A bacterial infection called syphilis is typically spread through sexual contact. The condition often begins as a painless sore on the mouth, genitalia, or rectum. By touching these lesions on the skin or mucous membranes, syphilis can be transmitted from one person to another.
The syphilis germs can stay dormant in the body for decades after the first infection before coming back to life. Early syphilis can occasionally be healed with a single penicillin treatment.
Let us explain right here that syphilis can cause serious harm to the heart, brain, or other organs without treatment and can even be fatal. Mothers can also transmit syphilis to their unborn offspring.
Syphilis manifests in stages, each of which has a unique set of symptoms. The symptoms don’t always manifest in the same order, and the stages sometimes overlap. It’s possible to have syphilis without ever experiencing any symptoms.
Syphilis comes in various forms, namely: primary, secondary, latent, tertiary, neuro and congenital syphilis.
A tiny sore known as a chancre is the first indication of syphilis when it comes to symptoms. At the site where the germs entered your body, a sore develops. Most syphilis patients only experience one chancre, but occasionally experience multiple ones.
A rash that starts on your trunk and ultimately covers your entire body, including the palms of your hands and the soles of your feet, may appear a few weeks after the initial chancre heals.
With regards to how syphilis could spread, let me quickly state here that treponema pallidum is the bacteria that causes syphilis. By coming into contact with an infected person’s sore while engaging in sexual activity, syphilis is most frequently disseminated. Minor skin or mucous membrane tears or abrasions allow the germs to enter the body. Both the primary and secondary stages of syphilis, as well as occasionally the early latent stage, are communicable.
Syphilis can also less frequently be spread by kissing or other close contact with an active lesion. During pregnancy or childbirth, moms might also transmit it to their unborn children.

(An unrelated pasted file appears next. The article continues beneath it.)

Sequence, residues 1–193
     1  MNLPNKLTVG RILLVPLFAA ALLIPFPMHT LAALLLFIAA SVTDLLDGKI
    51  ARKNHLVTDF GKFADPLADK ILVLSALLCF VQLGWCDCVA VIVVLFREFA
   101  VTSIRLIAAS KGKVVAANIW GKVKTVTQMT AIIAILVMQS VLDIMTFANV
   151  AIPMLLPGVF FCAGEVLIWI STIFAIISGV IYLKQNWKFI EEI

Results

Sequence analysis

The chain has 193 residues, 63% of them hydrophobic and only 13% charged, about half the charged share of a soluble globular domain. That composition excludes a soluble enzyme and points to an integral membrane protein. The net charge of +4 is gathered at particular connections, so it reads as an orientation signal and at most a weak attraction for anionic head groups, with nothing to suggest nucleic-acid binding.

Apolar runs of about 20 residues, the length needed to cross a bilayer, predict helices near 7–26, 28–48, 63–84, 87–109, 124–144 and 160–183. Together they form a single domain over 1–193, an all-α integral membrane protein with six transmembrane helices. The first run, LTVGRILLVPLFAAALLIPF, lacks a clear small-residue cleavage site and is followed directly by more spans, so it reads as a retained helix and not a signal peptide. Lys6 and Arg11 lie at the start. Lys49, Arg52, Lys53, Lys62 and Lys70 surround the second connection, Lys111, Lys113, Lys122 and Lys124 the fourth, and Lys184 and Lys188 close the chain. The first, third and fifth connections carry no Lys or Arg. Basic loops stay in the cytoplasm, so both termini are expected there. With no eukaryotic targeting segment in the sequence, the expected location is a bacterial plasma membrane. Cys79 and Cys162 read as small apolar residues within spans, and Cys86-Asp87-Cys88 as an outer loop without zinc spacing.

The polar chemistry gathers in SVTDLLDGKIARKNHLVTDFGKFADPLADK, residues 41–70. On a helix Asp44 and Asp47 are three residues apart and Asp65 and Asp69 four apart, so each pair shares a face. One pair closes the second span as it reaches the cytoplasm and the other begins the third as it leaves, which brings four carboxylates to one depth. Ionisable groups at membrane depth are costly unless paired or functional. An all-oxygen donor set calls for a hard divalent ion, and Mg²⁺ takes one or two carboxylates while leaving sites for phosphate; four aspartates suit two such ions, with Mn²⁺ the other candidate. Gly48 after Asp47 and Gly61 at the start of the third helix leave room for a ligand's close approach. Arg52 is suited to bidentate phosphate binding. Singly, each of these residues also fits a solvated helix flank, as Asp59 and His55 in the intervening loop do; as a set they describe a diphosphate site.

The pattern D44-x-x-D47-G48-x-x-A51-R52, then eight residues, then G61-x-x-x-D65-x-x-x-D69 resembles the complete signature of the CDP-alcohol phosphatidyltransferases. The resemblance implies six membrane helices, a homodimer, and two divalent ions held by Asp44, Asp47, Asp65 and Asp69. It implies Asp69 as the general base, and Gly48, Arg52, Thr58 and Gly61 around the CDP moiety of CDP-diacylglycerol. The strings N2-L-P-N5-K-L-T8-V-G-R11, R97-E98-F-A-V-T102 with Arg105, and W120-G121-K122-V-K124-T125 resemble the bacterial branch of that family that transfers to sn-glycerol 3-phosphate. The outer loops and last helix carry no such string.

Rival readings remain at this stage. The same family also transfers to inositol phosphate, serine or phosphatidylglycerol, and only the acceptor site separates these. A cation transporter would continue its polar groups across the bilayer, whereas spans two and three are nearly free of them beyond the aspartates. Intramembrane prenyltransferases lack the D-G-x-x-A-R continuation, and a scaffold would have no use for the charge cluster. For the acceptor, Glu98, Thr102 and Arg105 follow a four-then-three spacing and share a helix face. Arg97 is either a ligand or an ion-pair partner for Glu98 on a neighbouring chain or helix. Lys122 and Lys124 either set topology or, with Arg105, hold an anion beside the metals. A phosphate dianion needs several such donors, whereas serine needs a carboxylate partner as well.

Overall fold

Using the same toilet, bathtub, clothing, or dining utensils, as well as from doorknobs, hot tubs, pools, or swimming pools, will not spread syphilis.
There are a lot of risk factors and complications when it comes to syphilis, ranging from when one engage in unprotected sex to HIV infection. But there is one which seems to be very painful and that is pregnancy and complications during childbirth.
We have a lengthy conversation on what syphilis is, the cause, symptoms, risk factors and complications. Now, let’s consider the prevention methods.
Keep in mind that there is no syphilis vaccination as a preventative measure. We can only recommend actions one can take to help stop the spread of syphilis.
The first step is abstinence or monogamy. The only surefire way to prevent contracting syphilis is to refrain from having sex. The second-best choice is mutually monogamous sex, in which both partners only engage in sexual activity with one another and are free from infection.
Endeavor to use a latex condom. If the condom covers the syphilis sores, it can lower your risk of getting the disease.
Steer clear of substance abuse. Alcohol and drug abuse might impair judgment and cause you to engage in risky sexual behavior.
Another method of prevention is partner notification and proactive care. Your sex partners, including current partners and any prior partners you’ve had within the last three months to a year, must be told if testing reveal you have syphilis so they can get tested. They can then be treated if they are infected.
The final step is screening for pregnancy.
People who have syphilis may not even be aware of it. Health officials advise that all pregnant women undergo syphilis screening because the disease can often have fatal effects on unborn children.
The bottom-line is, syphilis has no cure but it could be prevented. So, once you or your partner feel any discomfort in your groin, ensure you see your doctor.